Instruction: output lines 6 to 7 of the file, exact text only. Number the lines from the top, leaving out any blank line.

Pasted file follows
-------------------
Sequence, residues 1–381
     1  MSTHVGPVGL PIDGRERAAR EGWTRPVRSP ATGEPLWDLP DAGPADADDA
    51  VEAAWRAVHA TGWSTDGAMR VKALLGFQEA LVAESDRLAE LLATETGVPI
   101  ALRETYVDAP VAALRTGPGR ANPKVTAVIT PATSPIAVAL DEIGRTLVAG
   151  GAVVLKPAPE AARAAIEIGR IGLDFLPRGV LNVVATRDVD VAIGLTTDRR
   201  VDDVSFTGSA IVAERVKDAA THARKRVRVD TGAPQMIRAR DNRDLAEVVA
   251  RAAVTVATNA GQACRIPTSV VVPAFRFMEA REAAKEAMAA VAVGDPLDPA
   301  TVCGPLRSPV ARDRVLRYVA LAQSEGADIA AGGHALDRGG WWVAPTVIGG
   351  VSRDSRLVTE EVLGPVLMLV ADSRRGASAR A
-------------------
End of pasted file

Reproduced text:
   201  VDDVSFTGSA IVAERVKDAA THARKRVRVD TGAPQMIRAR DNRDLAEVVA
   251  RAAVTVATNA GQACRIPTSV VVPAFRFMEA REAAKEAMAA VAVGDPLDPA